The concentration of private equity ownership in E&Ps has largely diminished according to a Truist Securities review of more than 30 producers that the firm covers—and the overhang on operators could lessen even more in the future.

Bertrand Donnes
Bertrand Donnes, Truist Securities energy research analyst. (Source: Truist Securities)

“We now think it will be less of an issue for many E&P companies, in part due to their ability to participate in a sale and in part due to more methodical exits of their positions versus prior years, where private equity groups would like to liquidate their positions as soon as their lockups expired,” Bertrand Donnes, Truist Securities energy research analyst, told Hart Energy.

Donnes’ equity research found that total private ownership of the E&Ps Truist analyzed are “not as widespread as in the past,” and “recent sales of various private equity E&Ps have had little impact on share price.”

And total private-equity ownership will likely remain flat, or fall, given what’s likely to be a limited number of new operating teams added to private equity’s portfolio companies.

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The report predicted that most future full asset sales will be cash deals, but it also noted that some firms could “ultimately become longer term holders.”

Donnes said that’s been caused by significant changes among the E&Ps, including higher free cash flows, robust returns to shareholders and stronger balance sheets.

One surprising finding: private equity owners are now more diverse than in the past, when large investors were more dominant. Private equity sales “over past quarters decreased much of the concentrated ownership,” the report said.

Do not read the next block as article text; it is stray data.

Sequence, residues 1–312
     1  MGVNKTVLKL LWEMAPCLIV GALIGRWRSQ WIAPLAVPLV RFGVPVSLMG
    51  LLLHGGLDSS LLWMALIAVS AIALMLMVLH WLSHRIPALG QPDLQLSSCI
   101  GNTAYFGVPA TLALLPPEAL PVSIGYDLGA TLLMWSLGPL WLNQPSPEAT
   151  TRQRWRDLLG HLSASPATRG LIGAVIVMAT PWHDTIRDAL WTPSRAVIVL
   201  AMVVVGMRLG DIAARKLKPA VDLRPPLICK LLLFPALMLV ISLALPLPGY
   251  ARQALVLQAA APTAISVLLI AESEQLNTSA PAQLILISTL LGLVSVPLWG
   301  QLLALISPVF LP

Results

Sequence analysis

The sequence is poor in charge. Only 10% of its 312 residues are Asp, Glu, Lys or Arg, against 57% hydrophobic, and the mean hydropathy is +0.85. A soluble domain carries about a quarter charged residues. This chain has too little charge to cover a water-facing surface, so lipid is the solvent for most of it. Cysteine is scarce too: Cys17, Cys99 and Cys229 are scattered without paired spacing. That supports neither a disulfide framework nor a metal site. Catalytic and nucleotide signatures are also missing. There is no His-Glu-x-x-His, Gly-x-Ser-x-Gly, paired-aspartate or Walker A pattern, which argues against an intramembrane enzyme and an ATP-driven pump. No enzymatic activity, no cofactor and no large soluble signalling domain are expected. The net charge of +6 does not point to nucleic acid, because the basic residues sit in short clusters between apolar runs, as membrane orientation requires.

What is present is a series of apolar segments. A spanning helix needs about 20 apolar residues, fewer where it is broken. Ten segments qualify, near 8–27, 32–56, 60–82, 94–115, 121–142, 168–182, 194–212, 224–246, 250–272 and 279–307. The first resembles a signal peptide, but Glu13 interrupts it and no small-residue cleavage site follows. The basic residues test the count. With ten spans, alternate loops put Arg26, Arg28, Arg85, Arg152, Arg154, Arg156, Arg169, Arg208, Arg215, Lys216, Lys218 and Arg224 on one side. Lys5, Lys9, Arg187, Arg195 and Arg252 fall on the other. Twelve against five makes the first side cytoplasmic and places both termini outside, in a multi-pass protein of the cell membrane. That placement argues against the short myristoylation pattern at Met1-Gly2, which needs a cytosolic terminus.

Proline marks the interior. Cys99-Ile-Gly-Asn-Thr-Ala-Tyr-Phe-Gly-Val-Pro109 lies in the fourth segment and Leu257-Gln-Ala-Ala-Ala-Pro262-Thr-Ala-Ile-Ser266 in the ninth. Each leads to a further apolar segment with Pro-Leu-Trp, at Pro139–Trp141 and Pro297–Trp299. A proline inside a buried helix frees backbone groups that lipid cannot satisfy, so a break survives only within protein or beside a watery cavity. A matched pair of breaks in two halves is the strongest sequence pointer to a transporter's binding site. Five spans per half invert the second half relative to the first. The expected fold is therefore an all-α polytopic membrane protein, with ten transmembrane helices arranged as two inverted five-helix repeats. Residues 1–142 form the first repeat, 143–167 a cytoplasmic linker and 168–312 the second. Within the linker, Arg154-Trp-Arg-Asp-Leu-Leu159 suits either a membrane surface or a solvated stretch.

Donnes said Truist does not have a figure that quantifies the size of the decrease.

Companies Truist studied include EQT, Diamondback Energy, Devon Energy, Chesapeake Energy, Southwestern Energy Company and Magnolia Oil & Gas.

The analysis found two companies with more than 50% private equity ownership, Crescent Energy Co. at 57.1% and Riley Exploration Permian Inc., at 53.5%. SilverBow Resources Inc., was 40.6% private equity ownership, and Ring Energy was 25.1%.

Hundreds of private equity owned properties that remain in the group Truist studied could come to market in the next several months, but Truist expects private equity ownership to remain at today’s levels or lower.

“Essentially, we don’t expect there to be many private assets purchased by the public names, which is the primary way that private equity firms end up owning large amounts of public shares, as the public companies buy the assets with equity,” Donnes said. “We expect the existing positions to either hold at current levels given the attractive multiples/payouts from the E&P group or slowly reduce their positions given the recent run up in the equities.”